Surveys of Religious Beliefs of Scientists

Surveys of Religious Beliefs of Scientists October 18, 2010
Francis Collins (b. 1950): eminent evangelical Protestant scientist [public domain / Wikimedia Commons]




A survey of scientists who are members of the American Association for the Advancement of Science, conducted by the Pew Research Center for the People & the Press in May and June 2009, . . . [found that] just over half of scientists (51%) believe in some form of deity or higher power; specifically, 33% of scientists say they believe in God, while 18% believe in a universal spirit or higher power [21% Protestant, including 4% evangelical, 10% Catholic]. . . . Edward Larson, a historian of science then teaching at the University of Georgia, . . . [in a] 1996 poll came up with similar results, finding that 40% of scientists believed in a personal God, while 45% said they did not. Other surveys of scientists have yielded roughly similar results. 17% said they were atheists; 11% agnostics, and 20%, of no particular affiliation. The AAAS is the world’s largest general scientific society. The survey was conducted among a sample of 2,533 members. [source: The Pew Forum on Religion and Public Life]

The first study of physician religious beliefs has found that 76 percent of doctors believe in God and 59 percent believe in some sort of afterlife. The survey, performed by researchers at the University and published in the July issue of the Journal of General Internal Medicine, found that 90 percent of doctors in the United States attend religious services at least occasionally, compared to 81 percent of all adults. Fifty-five percent of doctors say their religious beliefs influence how they practice medicine. These results were not anticipated. Religious belief tends to decrease as education and income levels increase, yet doctors are highly educated and, on average, well compensated. [source: Easton]

Elaine Ecklund, and Christopher Scheitle questioned 2,198 faculty members in the disciplines of physics, chemistry, biology, sociology, economics, political science, and psychology from 21 elite U.S. research universities. Overall, 75% of professors contacted completed the survey:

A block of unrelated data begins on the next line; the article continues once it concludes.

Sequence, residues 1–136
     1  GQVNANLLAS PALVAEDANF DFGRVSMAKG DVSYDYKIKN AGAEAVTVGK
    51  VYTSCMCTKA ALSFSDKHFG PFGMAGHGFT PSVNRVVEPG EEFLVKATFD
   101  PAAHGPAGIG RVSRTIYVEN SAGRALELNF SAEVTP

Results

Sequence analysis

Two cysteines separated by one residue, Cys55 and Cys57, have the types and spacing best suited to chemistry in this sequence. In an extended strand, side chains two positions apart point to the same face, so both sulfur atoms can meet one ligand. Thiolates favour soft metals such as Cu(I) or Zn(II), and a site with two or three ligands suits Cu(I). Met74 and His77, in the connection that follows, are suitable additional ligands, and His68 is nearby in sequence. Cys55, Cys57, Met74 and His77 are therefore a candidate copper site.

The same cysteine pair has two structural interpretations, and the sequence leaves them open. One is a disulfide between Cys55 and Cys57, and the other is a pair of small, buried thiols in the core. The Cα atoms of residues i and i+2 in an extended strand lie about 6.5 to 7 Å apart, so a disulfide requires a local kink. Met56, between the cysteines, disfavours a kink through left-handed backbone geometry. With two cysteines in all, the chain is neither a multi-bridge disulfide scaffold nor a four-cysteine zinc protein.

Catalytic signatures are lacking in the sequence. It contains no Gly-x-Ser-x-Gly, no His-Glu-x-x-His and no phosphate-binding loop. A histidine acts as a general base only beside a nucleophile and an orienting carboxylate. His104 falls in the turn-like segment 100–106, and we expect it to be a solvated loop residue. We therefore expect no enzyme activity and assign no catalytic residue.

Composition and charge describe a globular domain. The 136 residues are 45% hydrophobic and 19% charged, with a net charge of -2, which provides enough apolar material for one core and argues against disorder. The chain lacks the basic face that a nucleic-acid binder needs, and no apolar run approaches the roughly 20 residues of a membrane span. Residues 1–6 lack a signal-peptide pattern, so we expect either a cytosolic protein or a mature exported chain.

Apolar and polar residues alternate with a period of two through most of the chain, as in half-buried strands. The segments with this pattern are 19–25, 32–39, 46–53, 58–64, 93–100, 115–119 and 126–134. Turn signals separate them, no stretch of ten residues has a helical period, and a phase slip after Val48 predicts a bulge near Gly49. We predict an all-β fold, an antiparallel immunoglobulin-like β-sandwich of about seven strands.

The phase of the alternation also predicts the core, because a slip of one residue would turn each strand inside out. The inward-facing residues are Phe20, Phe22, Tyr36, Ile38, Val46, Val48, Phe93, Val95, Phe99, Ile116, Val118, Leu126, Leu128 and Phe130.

Disbelief in God by Academics

Physics 40.8%
Chemistry 26.6%
Biology 41.0%
Overall 37.6% [source: Ecklund and Scheitle]

From 2005 to 2008, I surveyed nearly 1,700 natural and social scientists on their views about religion, spirituality and ethics and spoke with 275 of them in depth in their offices and laboratories. It turns out that nearly 50 percent of scientists identify with a religious label, and nearly one in five is actively involved in a house of worship, attending services more than once a month. . . . Of the atheist and agnostic scientists I had in-depth conversations with, more than 30 percent considered themselves atheists; however, less than six percent of these were actively working against religion. Many atheist and agnostic scientists even think key mysteries about the world can be best understood spiritually, and some attend houses of worship, completely comfortable with religion as moral training for their children and an alternative form of community. [source: Ecklund: Huffington Post]

My studies show that most scientists are not like Richard Dawkins, author of “The God Delusion,” who is well known for being anti-religion. Nearly 50 percent of scientists are part of a religious community. Although my study shows nearly 40 percent in some science disciplines are atheists, I can count on one hand the number of atheist scientists I spoke with who share Dawkins’ vehement anti-religious sentiment. [source: Ecklund: Baker Institute Blog]

The International Society of Ordained Scientists, founded by British biologist and theologian Arthur Peacocke, claims 3000 members. [source: Eugenie Scott]

See also a summary of the polling data of E. J. Larson and L. Witham, “Scientists are still keeping the faith” (Nature 386 [3 April 1997], 435-436).

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